Today I’d like to talk about the part of writing that doesn’t get stressed very often—the days we haven’t finished anything, we haven’t hit any goals, we haven’t achieved a single damn thing, save sitting at the keyboard. In those days of limbo, we loll about in our sweatpants and coffee-stained shirts, eyes red-rimmed after too many hours being a slave to our characters’ worlds. We slog, we toil, we siphon off bits of our psyche and our souls.
In these days we are silent, yet all roars within us.
Something emerges in that silence. Surges of doubt, certainly, but also a big something that we, as humans, have trouble harnessing—a deep restlessness. A constant, uncomfortable low-grade anxiety swirls in our bellies. It sends us to the kitchen more often than it should, or to gnaw on our nails, or to compulsively check social media. It makes us insomniacs. It gives us mid-life crises. It shows us we are dissatisfied. We ask ourselves questions like: Am I depressed? Am I unhappy with my life? What am I missing? How do I satiate this weirdness eroding my sense of contentment?
Among writers and other artists, it’s an impetus that gives rise to creative impulses. It’s a craving, a yearning, a NEED to create something unique, to add to the fabric of human experience. It’s a sensation we can’t ignore. Do you know what I’m talking about? Do you feel it?
There are ways we can channel this deep, restless yearning to keep from drowning.
DIRECT YOUR FOCUS ELSEWHERE and I don’t mean on another novel or short story, but some other creative, satisfying pursuit. Perhaps you play an instrument or work with wood or enjoy scrapbooking. Maybe you’re a gardener with a wicked green thumb and an eye for lovely arrangements. I’m a bit of an amateur foodie so I dig challenging recipes with interesting ingredients. Whatever it is, this outlet should have some sort of concrete, tangible result, some finite product that offers fairly immediate satisfaction.
These short-term projects not only help you refill the creative well and afford a much needed reprieve, but they often meet the need for completion that we crave. Writing a novel is epic. It takes time and energy and sweat and that soul-siphoning I mentioned above. Often, we find ourselves frustrated at how lengthy the process may be. Outside of writing, find something that affords immediate gratification to take the edge off, and to assuage the much-needed feel of accomplishment.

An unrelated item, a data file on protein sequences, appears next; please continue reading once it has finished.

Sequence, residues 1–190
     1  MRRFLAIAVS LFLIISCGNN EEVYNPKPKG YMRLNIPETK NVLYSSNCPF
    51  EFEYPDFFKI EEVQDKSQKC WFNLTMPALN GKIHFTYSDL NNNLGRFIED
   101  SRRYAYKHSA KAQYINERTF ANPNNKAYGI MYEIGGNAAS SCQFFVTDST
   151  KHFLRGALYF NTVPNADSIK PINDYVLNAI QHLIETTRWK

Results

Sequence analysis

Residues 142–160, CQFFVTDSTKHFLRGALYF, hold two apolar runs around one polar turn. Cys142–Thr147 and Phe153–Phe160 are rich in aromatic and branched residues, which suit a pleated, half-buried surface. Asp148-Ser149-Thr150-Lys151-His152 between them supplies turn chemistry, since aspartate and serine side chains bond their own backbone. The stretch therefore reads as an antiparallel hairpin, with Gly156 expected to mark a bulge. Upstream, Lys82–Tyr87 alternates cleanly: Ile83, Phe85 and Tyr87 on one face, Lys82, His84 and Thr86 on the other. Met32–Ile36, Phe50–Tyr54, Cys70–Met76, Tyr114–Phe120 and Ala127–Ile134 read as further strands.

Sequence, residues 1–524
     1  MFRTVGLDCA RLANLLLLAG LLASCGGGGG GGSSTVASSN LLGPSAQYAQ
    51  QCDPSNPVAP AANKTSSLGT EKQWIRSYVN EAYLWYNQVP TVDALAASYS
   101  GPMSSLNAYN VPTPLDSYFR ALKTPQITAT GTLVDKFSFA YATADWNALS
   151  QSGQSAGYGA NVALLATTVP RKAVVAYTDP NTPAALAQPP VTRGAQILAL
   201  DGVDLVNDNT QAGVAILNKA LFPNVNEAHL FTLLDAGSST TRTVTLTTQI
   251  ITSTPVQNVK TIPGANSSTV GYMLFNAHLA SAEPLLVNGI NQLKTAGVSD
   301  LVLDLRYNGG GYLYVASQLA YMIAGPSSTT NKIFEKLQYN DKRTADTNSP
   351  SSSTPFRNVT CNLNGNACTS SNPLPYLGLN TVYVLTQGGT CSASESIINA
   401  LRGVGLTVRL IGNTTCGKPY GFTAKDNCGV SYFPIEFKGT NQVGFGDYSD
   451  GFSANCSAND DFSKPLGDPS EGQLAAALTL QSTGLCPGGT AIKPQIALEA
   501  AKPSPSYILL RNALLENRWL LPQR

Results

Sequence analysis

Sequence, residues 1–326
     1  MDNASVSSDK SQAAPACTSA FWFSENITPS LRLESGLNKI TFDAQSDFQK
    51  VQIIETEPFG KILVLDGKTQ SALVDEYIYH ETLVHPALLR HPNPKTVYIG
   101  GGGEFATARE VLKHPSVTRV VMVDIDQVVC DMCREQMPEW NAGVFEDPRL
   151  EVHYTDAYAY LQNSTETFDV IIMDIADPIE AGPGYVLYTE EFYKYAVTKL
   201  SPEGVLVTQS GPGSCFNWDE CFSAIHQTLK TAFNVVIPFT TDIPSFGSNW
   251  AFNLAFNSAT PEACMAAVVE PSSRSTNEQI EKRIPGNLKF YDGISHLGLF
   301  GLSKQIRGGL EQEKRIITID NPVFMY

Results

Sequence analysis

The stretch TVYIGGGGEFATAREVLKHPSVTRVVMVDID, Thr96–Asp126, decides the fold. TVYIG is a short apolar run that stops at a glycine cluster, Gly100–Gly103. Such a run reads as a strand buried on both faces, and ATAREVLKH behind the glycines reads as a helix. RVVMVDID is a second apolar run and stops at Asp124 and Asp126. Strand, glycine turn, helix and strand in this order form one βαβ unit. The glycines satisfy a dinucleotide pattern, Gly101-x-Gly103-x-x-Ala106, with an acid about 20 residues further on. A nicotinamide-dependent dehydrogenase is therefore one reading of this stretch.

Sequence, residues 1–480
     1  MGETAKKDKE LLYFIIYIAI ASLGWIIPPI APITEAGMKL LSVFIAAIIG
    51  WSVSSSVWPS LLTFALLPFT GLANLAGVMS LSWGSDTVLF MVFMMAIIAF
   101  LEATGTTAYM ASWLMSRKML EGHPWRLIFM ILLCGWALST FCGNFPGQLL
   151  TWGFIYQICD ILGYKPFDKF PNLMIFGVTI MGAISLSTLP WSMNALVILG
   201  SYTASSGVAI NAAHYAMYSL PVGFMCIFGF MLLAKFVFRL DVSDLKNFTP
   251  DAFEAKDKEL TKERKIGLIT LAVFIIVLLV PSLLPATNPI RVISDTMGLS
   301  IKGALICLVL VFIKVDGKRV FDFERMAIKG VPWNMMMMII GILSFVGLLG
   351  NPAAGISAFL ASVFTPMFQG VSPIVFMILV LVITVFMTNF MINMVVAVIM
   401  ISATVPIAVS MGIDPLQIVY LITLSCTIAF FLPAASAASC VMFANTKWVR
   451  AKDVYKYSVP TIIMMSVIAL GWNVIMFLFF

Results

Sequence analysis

MOVE IT OR LOSE IT Engage in some sort of physical activity, whatever that may mean for you. Exercise gets the blood flowing to your brain, acts as a great release for stress, and can also serve as moving meditation. In those moments of physical release and quiet contemplation, ideas are often sparked and puzzles are solved. Beyond that, exercise helps keep your energy up and pumps your bloodstream full of much-needed endorphins. In other words, it gives you shots of happiness to balance the blahs, the melancholy, the feelings of inadequacy. It reminds you that you’re ALIVE.
PROCURE RELATIONSHIPS with other writers so you feel less alone. In particular, befriend those who are at the same stage of the process as you. Not only do they push you toward your goals, but they help ground you. My writing partners help me get a grip on the ebb and flow of my emotions at different points of the process. Just last week I complained that my WIP was utter garbage, never going to sell, and lacked depth. Do you know how my critique partner replied? She laughed (!) and said, “You said this about your last book during this exact point in your revisions. Keep going. You’ll rock it”.
Surround yourself with people who understand you. My family and non-writer friends love and support me, but they don’t understand me. Connecting with those who do, lifts me out of the gray muck that’s so common for artists, and keeps me striving toward my ultimate goals: painting pictures with words, eliciting emotion, inspiring and entertaining readers.
EMBRACE THE PAIN
Do we really want this creative angst to go away? Isn’t that what creatives live for? Without pain and suffering there’s not much growth, there’s not much gain. Without angst there’s no yearning. Contentment doesn’t create a drive within us. It dulls our senses, washes all in a happy light, and encourages us to rest on our laurels.
Angst and pain and unrest are really symptoms of our constant puzzling, our sensitivity, and our awareness—the burning in our gut that drives us to create. Would you trade those feelings in for easy street, for unawareness? For a banal existence? Me neither.
Relish the stirring within you. It’s a gift that pushes you harder and farther. Strive for the next level of consciousness, both in your writing and in the bigger picture. Cradle your pain. Believe it or not, it’s a reflection of love and beauty that can help you create something meaningful.
How do you cope with the day to day malaise?